I am not sure if both terms can be used interchangeably. Maybe there is some academic distinction in computer science which is not relevant for day-to-day programming? Or can I use both term interchangeably without being wrong? Maybe it depends on the context in which I use both terms?

Edit: On reason why I find both terms possibly interchangeable is a Wikipedia entry about Abstraction layer. There you can find David Wheelers quote 'All problems in computer science can be solved by another level of indirection.'

  • 8
    ...except the problem of too many levels of indirection! Commented Sep 30, 2011 at 21:44
  • @MasonWheeler: You could add another, less indirect level of indirection…
    – Jon Purdy
    Commented Oct 1, 2011 at 1:07
  • C++ allows you to add a layer of abstraction without a layer of indirection, so they can't mean the same. Commented Oct 1, 2011 at 18:23

8 Answers 8


Abstraction deals with simplification, indirection deals with location.

  • Abstraction is a mechanism that "hides" complicated details of a object in terms of simpler, easier to manipulate terms. In programming, a good example is the difference in details between machine code and the various tools for creating applications that are ultimately based on machine code. Consider creating a Windows Form application with the Visual Studio IDE. The IDE lets you think of the application in terms of easy-to-manipulate items in a What-You-See-Is-What-You-Get manner. The position of a screen widget is abstracted out to a visual location in a frame which you can change by dragging the widget around. Internally, the IDE manipulates the widget using another layer of abstraction such as a high level language (such as C#). C# itself is not manipulated using machine code, it is manipulated using a "Common Runtime Environment" which itself is an abstraction of a computer and operating system.

  • Indirection refers to making the location of an item transparent. If you know a web resource's URI, you can access the resource without knowing its precise location. You do not access the resource directly, instead you access through a channel that passes your request through a series of servers, applications and routers. Indirection may be considered to be a special type of abstraction where the location is abstracted.

  • 2
    +1 best answer so far ! Was about to write one but this one is close enough to what I had in mind.
    – Newtopian
    Commented Oct 10, 2011 at 2:06

Abstractions are implemented using indirection.

For example, virtual memory: The abstraction is a contiguous address space entirely at your disposal. This abstraction is implemented using indirection via a page table. Instead of directly accessing physical memory addresses, they are translated from a virtual address to a physical address.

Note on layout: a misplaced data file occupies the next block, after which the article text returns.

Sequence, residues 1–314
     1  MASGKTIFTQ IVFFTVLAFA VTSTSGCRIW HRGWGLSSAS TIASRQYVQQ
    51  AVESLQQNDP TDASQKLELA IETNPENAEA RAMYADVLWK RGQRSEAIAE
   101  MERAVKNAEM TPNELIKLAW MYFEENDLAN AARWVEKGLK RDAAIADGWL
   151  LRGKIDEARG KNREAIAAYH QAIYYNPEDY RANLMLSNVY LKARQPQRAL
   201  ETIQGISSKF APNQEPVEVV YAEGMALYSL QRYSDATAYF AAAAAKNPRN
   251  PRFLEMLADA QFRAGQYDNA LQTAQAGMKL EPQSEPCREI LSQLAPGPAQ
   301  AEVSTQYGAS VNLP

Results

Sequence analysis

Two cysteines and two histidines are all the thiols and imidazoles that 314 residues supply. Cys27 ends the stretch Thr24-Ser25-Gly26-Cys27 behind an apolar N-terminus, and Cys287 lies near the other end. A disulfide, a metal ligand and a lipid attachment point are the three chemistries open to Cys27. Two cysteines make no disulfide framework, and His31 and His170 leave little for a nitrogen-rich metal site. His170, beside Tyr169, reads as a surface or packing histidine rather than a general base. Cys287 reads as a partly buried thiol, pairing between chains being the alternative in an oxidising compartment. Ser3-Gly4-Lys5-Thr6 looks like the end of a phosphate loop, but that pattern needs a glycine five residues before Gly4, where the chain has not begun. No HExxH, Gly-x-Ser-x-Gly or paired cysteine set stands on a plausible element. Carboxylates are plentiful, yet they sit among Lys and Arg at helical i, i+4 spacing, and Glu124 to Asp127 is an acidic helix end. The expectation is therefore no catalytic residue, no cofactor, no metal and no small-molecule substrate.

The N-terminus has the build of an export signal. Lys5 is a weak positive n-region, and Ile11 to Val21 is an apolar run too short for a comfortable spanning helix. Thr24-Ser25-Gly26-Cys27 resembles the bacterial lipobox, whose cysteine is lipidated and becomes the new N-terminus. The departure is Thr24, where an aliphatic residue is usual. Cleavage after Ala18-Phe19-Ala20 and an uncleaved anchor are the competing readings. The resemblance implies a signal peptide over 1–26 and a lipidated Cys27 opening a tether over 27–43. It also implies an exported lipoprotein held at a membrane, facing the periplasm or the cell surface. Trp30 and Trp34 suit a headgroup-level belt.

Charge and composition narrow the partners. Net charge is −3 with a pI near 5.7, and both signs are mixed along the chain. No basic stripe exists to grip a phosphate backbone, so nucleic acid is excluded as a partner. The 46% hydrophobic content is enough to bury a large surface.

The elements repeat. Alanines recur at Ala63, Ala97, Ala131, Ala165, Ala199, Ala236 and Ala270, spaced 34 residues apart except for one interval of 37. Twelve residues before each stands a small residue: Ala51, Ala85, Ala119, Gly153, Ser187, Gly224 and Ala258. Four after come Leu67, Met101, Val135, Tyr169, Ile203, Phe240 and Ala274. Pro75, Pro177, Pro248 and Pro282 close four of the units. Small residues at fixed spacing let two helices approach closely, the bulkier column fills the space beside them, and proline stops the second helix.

To add a layer of abstraction, you have to add a layer of indirection. But adding indirection doesn't necessarily give you an abstraction. For example, having getters and setters on every single variable is a layer of indirection, but if all they do is get and set simple values there is no abstraction.

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    In fact, the last example is not very good. Plain getters and setters do add abstraction. The only one knowing, they are plain, is the class declaring them. If you decide to change the implementation, any code built against the abstraction is not affected.
    – back2dos
    Commented Oct 5, 2011 at 14:08
  • can you give any better example which is indirection but not abastraction ?
    – Mr Coder
    Commented Oct 6, 2011 at 11:12
  • 1
    definitely a wrong example
    – Morg.
    Commented Oct 6, 2011 at 11:43
  • 4
    Who said anything about classes? I also said nothing about changing the visibility of a variable. Nothing is stopping you from accessing it directly; it's a variable. But you can also do it with a level of indirection via the getter and setter. Since the semantics of using the getter and setter are the same as accessing the variable directly, there is no abstraction.
    – Austin
    Commented Oct 6, 2011 at 15:20
  • 2
    Except that the getter and setter don't necessarily 'just' access the variable. If you are using a getter and setter you are adding an abstraction as you could change them to use a different variable without the user being aware of it, therefore an abstraction. Commented Oct 7, 2011 at 3:30

First, lets try proper definitions for the terms:

  1. Layer of abstraction means:

     a) there is large number of positions which use abstraction
          (layer = all the positions together)
     b) each position is hiding some complex stuff, but allows invoking it 
          using only simple code. 
         (abstraction == one-to-one mapping between simple code and complex code)
  2. Level of indirection on the other hand means:

      a) you're counting levels
      b) indirection==there are several steps before you can reach or access the data
      c) level of indirection is just how many steps it takes to access the data

Both of these things can mean the same thing, as long as you use: